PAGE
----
A new study finds increasing evidence a virus may play a role in breast cancer. The study, published July 12, 2004 in the online edition of CANCER, a peer-reviewed journal of the American Cancer Society, finds nearly three-quarters of a small sample of Tunisian breast cancer patients showed evidence of a virus similar to one known to cause breast cancer in mice, twice the rate seen in women in the United States. A free abstract of the study will be available via Wiley InterScience.
Viruses play a primary role in the development of several cancers, such as the human T-cell lymphotropic virus and adult T-cell leukemia/lymphoma or human herpes virus 8 (HHV8) and Kaposi sarcoma (KS). Geographic variability has also been noted in these cancer-promoting viruses. For example, KS and HHV8 are least common in the U.S. and more common in the Mediterranean and Central African regions.
Existing epidemiological evidence and animal models suggest that a virus may be involved in the development of certain breast cancers. Previous analyses of human breast tissue samples found viral sequences from the mouse mammary tumor virus (MMTV) in a large percentage of breast cancers but not in normal tissue. MMTV may be spread by a species of house mouse that is extremely common in North Africa but less so in the U.S. Studies show that some colonies of these mice are commonly infected with MMTV.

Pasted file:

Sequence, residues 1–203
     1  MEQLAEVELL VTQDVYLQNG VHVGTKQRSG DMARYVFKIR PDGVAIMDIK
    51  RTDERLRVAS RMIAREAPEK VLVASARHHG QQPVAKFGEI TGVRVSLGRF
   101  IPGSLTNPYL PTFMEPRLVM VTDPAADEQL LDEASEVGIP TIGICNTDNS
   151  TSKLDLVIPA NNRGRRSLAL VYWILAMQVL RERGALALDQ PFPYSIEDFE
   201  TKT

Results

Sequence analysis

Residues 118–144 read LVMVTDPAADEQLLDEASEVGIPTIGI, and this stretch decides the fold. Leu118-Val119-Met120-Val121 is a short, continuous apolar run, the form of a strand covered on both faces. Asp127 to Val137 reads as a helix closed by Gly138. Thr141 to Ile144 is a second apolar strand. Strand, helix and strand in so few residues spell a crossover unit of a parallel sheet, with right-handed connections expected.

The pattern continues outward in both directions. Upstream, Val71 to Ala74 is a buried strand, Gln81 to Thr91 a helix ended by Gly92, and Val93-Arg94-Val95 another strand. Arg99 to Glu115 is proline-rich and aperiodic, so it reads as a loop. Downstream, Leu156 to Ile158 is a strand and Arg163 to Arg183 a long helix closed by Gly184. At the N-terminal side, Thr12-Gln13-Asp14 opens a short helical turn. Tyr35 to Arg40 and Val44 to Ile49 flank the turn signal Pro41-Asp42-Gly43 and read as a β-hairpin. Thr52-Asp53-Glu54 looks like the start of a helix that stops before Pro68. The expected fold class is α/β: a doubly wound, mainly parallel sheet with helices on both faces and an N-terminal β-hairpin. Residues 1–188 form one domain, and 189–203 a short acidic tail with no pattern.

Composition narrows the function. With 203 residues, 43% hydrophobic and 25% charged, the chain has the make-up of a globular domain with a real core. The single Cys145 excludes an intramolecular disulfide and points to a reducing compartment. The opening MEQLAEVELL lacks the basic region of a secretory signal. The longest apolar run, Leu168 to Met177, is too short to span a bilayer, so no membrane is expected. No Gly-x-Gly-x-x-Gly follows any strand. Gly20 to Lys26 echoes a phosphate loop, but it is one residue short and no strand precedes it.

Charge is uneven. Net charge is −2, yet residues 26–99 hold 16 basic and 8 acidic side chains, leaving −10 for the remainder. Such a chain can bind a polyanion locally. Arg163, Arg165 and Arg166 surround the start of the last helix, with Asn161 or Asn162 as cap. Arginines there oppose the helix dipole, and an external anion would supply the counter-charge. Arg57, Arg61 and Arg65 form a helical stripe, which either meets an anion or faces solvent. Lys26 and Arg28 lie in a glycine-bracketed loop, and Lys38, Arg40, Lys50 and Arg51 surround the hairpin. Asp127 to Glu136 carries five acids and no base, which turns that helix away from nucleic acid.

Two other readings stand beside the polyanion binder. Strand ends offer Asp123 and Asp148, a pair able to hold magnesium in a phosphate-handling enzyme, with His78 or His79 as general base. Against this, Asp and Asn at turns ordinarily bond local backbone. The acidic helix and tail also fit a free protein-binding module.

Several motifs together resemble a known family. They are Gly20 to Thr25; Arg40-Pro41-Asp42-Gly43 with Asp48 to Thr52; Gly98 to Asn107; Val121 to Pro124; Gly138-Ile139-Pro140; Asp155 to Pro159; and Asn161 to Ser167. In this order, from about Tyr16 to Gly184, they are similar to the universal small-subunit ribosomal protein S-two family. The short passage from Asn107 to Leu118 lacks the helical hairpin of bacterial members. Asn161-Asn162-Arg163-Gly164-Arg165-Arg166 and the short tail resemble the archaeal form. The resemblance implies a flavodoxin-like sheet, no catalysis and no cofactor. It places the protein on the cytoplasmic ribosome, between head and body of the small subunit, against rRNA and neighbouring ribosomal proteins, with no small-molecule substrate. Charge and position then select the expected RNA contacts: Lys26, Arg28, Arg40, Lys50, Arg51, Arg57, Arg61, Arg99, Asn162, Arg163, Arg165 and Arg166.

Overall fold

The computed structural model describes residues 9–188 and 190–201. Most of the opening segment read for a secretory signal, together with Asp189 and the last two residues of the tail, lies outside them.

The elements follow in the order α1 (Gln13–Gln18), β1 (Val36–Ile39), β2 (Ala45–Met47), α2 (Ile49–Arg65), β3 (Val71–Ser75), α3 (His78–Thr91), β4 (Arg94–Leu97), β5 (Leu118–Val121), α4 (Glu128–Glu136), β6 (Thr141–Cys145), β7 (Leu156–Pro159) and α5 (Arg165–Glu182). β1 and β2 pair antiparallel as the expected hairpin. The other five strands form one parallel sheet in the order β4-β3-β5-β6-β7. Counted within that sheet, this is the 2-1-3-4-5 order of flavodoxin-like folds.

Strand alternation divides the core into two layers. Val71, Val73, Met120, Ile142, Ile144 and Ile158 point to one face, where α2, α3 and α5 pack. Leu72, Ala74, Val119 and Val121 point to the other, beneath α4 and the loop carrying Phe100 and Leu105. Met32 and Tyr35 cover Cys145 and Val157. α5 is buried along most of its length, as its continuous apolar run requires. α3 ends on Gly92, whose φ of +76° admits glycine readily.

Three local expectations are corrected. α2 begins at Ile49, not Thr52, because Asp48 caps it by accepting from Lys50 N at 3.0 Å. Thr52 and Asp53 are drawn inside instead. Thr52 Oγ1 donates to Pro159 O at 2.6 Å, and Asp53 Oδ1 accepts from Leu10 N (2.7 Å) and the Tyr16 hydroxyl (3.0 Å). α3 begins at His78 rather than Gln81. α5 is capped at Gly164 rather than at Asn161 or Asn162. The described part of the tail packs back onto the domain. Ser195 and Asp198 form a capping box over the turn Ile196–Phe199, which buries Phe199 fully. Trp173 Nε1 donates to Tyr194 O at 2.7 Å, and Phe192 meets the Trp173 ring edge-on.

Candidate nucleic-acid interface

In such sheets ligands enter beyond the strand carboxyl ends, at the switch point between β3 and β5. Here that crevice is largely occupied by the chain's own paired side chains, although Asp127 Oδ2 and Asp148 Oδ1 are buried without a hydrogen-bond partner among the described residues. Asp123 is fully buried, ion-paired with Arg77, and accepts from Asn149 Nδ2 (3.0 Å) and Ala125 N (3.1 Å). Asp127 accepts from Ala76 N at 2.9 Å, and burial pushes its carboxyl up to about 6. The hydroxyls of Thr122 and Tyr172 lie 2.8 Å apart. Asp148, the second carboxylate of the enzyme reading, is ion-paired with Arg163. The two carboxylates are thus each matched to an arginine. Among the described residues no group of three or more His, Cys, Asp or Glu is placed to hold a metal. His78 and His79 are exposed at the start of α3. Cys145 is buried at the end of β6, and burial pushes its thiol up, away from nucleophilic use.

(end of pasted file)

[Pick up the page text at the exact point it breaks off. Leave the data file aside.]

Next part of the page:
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Scientists at the Max Planck Institute for Polymer Research (MPI-P) in Mainz (Germany) together with scientists from Dresden, Leipzig, Sofia (Bulgaria) and Madrid (Spain) have now developed and characterized a novel, metal-organic material which displays electrical properties mimicking those of highly crystalline silicon. The material which can easily be fabricated at room temperature could serve as a replacement for expensive conventional inorganic materials used in optoelectronics.
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Augsburg chemists present a new technology for compressing, storing and transporting highly volatile gases in porous frameworks/New prospects for gas-powered vehicles
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When we put water in a freezer, water molecules crystallize and form ice. This change from one phase of matter to another is called a phase transition. While this transition, and countless others that occur in nature, typically takes place at the same fixed conditions, such as the freezing point, one can ask how it can be influenced in a controlled way.
We are all familiar with such control of the freezing transition, as it is an essential ingredient in the art of making a sorbet or a slushy. To make a cold...
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